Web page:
Men and women in Sub Saharan Africa begin their reproductive lives facing the dual challenge of HIV infection and pregnancy planning. The Rakai district of Uganda represents a region where a generalized HIV epidemic has existed for the last two decades, where HIV prevalence is 11% and where the current unmet need for family planning is at 52%. Relatively stable HIV incidence coupled with treatment options means that today many people of reproductive age will live with HIV for many years. To date however, we know little about how HIV treatment and prevention shapes the fertility desires, behaviors, and outcomes of men, women, and couples - and how fertility influences HIV prevention. To address this gap, the proposed Prevention and Planning Linkages (Linkages) project first aims compare couples from four HIV concordant (both partners HIV+ or HIV-) and discordant groups (either sexual partner is HIV+) within the RCCS, examining men's and women's fertility desires, behaviors, and outcomes;agreement within couples;unmet need for contraception;and access to/utilization of HIV and RH services. Given the importance of both men and women in fertility decision-making, our investigations will focus on the role of both members of a couple in such decision-making. Using a mixed- method approach - used longitudinal cohort data and in-depth interviews with couples - we aim to provide a comprehensive perspective on the fertility desires, perceptions and behaviors of HIV concordant and discordant couples. Second, the Linkages project will explore trends in fertility desires, behaviors, and outcomes among HIV+ and HIV- women in relation to two phases of HIV prevention and treatment programs in Rakai: 1- post-availability of PMTCT and 2- post availability of ART. There is a dearth of research on fertility desires among a population-level cohort and how these desires have been affected by the changing dynamic of the HIV epidemic and treatment options. We will use historical data from sexually active women from the RCCS, to examine the trends in the fertility desires, behaviors and outcomes among HIV positive and HIV negative women over two phases of HIV treatment and prevention programs in rural Uganda. Finally, the Linkages project will identify trajectories i fertility desires and behaviors among women and men in the RCCS prior to and after seroconversion to infection, after seroconversion, and after gaining knowledge of personal or partner's infection. It is important to examine individual level variation in fertility desires and behaviors before and after HIV sero-conversion, as such a prospective analysis allows us to better understand the influence of HIV testing, HIV counseling and treatment on fertility related aspirations and behaviors, while conditioning on individual demographic and social characteristics. For this aim we will again use a mixed-method design - using longitudinal cohort data and matched 'case-control'qualitative interviews - to examine within-subject change among women and among men.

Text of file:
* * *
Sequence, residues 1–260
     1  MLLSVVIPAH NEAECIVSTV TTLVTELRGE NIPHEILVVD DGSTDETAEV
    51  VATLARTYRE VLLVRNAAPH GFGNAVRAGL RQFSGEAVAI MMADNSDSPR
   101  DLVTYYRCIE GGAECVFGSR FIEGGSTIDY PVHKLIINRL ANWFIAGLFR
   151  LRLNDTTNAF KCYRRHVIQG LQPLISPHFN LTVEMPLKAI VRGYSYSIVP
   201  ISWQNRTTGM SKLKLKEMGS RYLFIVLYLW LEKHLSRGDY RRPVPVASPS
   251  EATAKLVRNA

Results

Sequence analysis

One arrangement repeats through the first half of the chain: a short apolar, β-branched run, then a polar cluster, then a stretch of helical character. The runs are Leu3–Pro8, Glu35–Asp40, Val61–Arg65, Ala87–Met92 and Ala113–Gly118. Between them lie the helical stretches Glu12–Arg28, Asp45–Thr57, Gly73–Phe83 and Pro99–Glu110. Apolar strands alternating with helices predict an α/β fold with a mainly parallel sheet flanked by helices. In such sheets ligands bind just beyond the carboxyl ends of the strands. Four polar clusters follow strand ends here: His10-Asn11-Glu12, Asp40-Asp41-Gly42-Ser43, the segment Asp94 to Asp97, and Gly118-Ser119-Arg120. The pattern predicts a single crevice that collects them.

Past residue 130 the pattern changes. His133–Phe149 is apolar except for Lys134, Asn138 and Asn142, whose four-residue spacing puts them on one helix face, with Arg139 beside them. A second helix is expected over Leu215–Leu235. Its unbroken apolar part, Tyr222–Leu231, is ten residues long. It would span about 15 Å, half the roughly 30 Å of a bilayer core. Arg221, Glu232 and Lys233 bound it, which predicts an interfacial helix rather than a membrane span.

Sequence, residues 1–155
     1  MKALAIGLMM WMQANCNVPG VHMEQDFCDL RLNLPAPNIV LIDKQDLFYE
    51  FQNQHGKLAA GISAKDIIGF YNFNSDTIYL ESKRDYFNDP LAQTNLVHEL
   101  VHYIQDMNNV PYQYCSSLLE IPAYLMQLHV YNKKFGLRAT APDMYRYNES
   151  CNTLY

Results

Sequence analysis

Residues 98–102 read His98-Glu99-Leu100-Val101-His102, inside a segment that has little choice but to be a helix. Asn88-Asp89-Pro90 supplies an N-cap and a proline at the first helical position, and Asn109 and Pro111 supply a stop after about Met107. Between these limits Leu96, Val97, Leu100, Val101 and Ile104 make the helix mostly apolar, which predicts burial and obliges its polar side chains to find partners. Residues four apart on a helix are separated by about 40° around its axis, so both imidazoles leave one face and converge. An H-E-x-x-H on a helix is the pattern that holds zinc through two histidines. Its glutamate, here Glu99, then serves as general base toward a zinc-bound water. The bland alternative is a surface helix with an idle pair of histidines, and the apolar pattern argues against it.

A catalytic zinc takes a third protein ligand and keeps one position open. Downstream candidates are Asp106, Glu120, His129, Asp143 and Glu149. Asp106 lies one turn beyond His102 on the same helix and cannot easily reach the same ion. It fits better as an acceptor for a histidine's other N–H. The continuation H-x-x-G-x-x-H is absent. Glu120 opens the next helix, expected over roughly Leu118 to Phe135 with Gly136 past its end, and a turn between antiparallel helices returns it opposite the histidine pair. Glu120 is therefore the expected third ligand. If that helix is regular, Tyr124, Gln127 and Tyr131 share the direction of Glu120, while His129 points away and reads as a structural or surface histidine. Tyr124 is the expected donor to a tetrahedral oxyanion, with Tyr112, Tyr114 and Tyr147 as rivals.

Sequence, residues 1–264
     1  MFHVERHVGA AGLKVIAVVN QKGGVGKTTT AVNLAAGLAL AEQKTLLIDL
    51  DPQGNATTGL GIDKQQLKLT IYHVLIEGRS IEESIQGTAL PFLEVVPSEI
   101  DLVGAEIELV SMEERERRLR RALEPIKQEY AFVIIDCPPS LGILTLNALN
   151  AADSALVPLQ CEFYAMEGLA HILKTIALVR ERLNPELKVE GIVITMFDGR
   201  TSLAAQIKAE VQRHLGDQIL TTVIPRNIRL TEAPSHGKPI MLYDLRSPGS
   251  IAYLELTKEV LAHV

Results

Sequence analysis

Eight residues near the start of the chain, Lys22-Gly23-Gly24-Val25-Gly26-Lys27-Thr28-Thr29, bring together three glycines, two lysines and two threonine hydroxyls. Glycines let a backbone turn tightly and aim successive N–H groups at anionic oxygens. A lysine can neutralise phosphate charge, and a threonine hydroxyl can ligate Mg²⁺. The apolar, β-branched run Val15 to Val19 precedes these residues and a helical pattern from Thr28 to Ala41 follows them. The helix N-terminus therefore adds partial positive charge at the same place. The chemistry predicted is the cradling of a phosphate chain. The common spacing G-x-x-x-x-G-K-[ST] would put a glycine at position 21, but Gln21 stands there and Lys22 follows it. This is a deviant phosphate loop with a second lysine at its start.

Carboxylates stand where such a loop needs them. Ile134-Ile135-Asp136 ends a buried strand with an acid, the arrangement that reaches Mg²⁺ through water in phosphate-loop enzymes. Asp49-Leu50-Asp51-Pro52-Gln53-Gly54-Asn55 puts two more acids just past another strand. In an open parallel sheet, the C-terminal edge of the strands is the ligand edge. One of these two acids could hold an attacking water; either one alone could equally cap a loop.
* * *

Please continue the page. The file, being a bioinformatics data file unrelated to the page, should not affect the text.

Public Health Relevance

The proposed Planning and Prevention Linkages (Linkages) mixed-method study will explore the intersection of fertility desires, intentions, and behaviors among HIV positive and HIV negative men and women in rural Uganda. Using longitudinal quantitative data and qualitative data we will assess within couple differentials in fertility desie, perception and behaviors where partners are HIV discordant or concordant. We will also assess the changing trends in reproductive goals of women within the context of changing HIV programs and policies. And finally, we will use longitudinal quantitative and qualitative data to identify how fertility desires and behaviors change among men and women before they acquire HIV and after their HIV seroconversion.

National Institute of Health (NIH)
Eunice Kennedy Shriver National Institute of Child Health & Human Development (NICHD)
Research Project (R01)
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Special Emphasis Panel (ZHD1-DSR-W (50))
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Newcomer, Susan
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Columbia University (N.Y.)
Public Health & Prev Medicine
Schools of Public Health
New York
United States
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